Opening the doors to your own coworking space is a dream come true – especially if you’ve spent what seems like a lifetime of searching for just the right place to do your own work in. Whether you have this kind of first-hand experience or not, planning a coworking business is exhilarating – after all, you’re becoming the host of a hub of creativity and innovation.

But it’s a business nonetheless, and if you mean to set your business up for success, you’ll need to have all your ducks in a row.  You’ll need to create a financial model preferably before you even pick the space you’ll be renting. That way, you’ll know what page you’re on regarding funds and more insight into the revenue the business can bring in.

To help you create the financial model for your coworking space, we’ve outlined the key points you need to factor in.

Determine expenses and project costs


Start by outlining the various costs that will make up your capital expenditure. A dominant portion of this will go to real estate costs, which is why it’s best to outline approximate setup costs before finding a space to rent. You can research your renting options first and factor in the average price, determine your budget for rent, and then plan accordingly.

Initial costs

When projecting the initial costs, you’ll include the major expenses associated with setup, such as:

— Security deposit or down payment needed for renting

— All legal fees (pertaining to the process of registering as a business)

— Furnishing expenses: construction, flooring, infrastructure installations, materials (e.g. paint), interior design, furniture and equipment.

— Marketing costs

If you’re putting your means of earning on hold while planning and opening your coworking space, don’t forget to consider the lost salary expense.

Recurring costs



Once you’ve got all the initial costs down, move on to the regular (recurring) costs associated with operating a coworking hub. You’ll need to factor in:

— Monthly rent

— Utilities

— Internet

— General supplies (cleaning/bathroom/kitchen/printer supplies)

— Hospitality costs associated with the benefits your coworking space offers: coffee, water, energy-boosting snacks, etc.

— Staff salaries, etc.

Decide whether you plan on taking a salary yourself and how that can fit into the budget. Lastly, don’t forget to note the cost of seats that remain empty.


Project revenue streams

Typically, the two main revenue streams of coworking spaces are membership plans and space leasing.

With all your expenses calculated, you have the necessary direction to form your prices.

When it comes to membership plans, before coming up with a flat rate and concept of services, you first need to determine how many members your space can accommodate. Although you’re surely enthusiastic about your endeavor, be realistic when considering how many people are going to sign up in the initial stages.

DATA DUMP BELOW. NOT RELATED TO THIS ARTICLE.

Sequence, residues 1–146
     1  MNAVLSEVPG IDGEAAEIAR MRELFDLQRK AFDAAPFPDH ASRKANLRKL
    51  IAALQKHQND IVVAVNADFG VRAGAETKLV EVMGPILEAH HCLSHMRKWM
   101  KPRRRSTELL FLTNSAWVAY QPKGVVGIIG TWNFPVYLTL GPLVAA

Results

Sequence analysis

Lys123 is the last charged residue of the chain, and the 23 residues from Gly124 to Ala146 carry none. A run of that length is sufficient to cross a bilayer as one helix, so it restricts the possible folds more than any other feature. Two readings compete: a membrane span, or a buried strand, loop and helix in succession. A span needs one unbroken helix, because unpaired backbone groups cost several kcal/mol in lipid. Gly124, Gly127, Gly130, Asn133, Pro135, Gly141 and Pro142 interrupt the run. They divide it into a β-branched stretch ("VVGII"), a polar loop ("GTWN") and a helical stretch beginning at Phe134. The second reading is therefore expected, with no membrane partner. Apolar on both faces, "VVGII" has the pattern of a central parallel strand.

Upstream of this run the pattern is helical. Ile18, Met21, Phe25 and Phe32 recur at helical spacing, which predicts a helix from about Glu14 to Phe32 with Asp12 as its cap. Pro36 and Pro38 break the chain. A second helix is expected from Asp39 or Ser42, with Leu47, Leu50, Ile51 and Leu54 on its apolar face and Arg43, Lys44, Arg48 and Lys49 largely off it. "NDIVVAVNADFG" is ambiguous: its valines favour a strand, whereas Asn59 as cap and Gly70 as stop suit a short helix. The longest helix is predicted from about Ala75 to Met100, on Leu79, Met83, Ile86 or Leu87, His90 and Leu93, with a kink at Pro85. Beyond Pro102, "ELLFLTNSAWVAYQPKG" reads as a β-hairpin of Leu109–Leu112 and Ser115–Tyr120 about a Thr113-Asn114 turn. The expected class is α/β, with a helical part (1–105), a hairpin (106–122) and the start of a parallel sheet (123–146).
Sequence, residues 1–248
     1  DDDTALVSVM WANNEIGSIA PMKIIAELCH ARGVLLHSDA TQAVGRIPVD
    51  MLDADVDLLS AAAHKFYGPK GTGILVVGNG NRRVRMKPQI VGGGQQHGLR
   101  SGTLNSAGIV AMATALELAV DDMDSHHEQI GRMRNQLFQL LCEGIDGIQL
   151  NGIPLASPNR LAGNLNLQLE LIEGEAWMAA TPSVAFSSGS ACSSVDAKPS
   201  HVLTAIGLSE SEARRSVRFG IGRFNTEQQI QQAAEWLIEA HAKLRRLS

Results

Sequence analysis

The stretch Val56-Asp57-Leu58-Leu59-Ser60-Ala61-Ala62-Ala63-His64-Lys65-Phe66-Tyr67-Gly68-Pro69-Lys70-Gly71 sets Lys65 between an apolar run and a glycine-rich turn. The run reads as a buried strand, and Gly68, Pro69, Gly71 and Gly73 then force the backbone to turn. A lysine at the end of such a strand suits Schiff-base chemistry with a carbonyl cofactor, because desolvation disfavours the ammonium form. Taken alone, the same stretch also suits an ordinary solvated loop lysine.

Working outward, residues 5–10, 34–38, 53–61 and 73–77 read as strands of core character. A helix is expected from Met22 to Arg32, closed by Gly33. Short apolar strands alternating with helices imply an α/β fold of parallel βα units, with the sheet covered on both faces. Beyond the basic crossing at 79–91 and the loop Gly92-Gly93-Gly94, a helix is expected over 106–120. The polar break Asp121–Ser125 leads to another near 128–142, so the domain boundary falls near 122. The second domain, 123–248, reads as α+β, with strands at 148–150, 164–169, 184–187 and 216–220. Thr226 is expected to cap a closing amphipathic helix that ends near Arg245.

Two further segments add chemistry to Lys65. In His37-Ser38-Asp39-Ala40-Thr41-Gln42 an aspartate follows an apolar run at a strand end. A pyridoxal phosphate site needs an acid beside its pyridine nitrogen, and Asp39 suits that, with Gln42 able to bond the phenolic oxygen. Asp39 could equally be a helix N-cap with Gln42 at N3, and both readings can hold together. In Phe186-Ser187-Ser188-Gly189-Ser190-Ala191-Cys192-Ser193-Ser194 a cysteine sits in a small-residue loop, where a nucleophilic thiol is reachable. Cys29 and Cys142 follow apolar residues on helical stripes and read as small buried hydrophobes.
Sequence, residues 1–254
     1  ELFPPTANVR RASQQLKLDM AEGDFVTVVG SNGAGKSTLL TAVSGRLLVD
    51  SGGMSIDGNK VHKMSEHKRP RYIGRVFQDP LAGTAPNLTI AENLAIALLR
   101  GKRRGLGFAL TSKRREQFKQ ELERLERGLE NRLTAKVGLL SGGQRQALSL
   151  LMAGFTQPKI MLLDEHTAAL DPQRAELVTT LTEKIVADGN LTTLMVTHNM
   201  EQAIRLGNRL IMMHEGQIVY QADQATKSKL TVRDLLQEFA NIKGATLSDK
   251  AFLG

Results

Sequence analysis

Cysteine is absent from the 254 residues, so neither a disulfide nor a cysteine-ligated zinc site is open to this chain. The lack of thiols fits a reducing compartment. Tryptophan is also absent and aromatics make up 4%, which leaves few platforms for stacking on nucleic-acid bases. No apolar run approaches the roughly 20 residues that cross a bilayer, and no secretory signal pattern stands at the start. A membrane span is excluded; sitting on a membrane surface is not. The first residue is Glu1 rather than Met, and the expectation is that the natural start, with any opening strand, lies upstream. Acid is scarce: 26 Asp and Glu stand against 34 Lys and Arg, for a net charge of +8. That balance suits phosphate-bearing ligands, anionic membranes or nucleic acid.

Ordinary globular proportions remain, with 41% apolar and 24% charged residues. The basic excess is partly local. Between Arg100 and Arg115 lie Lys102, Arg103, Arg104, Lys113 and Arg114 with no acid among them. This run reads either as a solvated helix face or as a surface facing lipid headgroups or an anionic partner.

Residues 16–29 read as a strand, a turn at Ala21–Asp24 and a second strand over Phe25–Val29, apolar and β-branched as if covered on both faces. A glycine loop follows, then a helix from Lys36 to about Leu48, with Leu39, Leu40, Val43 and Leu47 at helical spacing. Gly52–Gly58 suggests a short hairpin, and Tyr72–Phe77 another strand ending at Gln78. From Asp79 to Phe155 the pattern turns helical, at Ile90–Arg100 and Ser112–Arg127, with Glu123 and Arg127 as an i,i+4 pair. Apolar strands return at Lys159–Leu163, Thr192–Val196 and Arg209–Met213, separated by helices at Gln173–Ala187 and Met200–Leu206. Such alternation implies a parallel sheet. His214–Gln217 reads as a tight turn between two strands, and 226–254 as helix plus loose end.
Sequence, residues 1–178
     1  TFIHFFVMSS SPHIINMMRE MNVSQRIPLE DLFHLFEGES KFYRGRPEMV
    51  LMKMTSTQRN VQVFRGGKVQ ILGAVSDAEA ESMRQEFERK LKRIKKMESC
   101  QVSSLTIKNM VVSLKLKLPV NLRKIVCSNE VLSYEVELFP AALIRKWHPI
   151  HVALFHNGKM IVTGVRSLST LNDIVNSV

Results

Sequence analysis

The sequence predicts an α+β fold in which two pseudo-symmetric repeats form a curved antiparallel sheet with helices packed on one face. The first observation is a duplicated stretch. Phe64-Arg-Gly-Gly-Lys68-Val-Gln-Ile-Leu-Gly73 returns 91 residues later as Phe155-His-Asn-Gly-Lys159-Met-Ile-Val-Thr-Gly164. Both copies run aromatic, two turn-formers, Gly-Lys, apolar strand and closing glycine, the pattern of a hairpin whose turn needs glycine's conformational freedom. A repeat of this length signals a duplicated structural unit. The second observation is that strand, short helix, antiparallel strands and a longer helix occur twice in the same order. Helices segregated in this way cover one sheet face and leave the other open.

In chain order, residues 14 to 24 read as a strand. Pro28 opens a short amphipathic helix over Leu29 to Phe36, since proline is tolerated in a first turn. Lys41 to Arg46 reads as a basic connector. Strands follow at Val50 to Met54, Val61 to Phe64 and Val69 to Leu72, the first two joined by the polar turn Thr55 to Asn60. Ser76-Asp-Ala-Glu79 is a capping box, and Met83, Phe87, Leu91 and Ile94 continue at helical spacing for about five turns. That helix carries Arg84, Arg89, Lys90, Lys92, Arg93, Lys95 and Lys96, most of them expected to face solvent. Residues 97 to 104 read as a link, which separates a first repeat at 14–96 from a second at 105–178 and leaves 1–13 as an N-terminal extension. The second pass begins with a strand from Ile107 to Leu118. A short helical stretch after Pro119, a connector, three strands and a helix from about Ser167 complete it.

Do some research, check out the nearest coworking spaces, and even conduct surveys on social media to get an approximate idea of how many people you can realistically expect to sign up. This research will also be crucial to your marketing efforts, which will help you gain momentum as a new business.

How you structure your membership plans really depends on your circumstances, so take your time developing them and adjusting them to any creative visions of the business you might have.

Firstly, decide how many membership plans your hub will feature and which benefits each one offers. Price them not only to break-even but to actually generate revenue.

The same goes for space leasing, where you can offer dedicated offices to individuals and groups. You can get creative with your plans here, so go ahead and brainstorm. If you plan to lease the space for events or host industry events yourself, make sure that you’re ready for the added organizational complexity before you factor in the additional expenses and sources of income.


Factor in surprises and rainy days


Something will always come up – plumbing issues, seasonal staff, big networking event, equipment repairs, and so on. Just like any normal business, you need to be prepared for these and set aside a solid amount of cash for any unforeseeable issues or surprise expenses.

While developing your financial model, it’s extremely important to keep in mind that you’ve had to assume a number of things in order to be able to calculate your expenses. You worked with fixed prices, an approximate number of employees, and an assumed number of members, for example. With all the risks considered, you can still start a coworking space on a limited budget. It’s better to start small and plan to expand in the future than to go all out before you’ve proven a functional business model.

You’ll most likely be losing money for the first 6-8 months before you break even. So, aside from projecting costs and revenue streams realistically, the success of your business depends on how well you’ll be able to carry out those few months. Prepare your funds to get you through, start modestly, and surround yourself with the right team.  


Final thoughts


You’ll have some important decisions to make while creating your financial model, as some basic assumptions can project bigger consequences further down the road. So whether you have entrepreneurial experience or you’re completely new to this, don’t hesitate to seek help and advice. There could be creative opportunities at your fingertips, and you want to be open to new concepts. At the end of the day, it’s you and a trusted team at the whiteboard – so give it your best shot.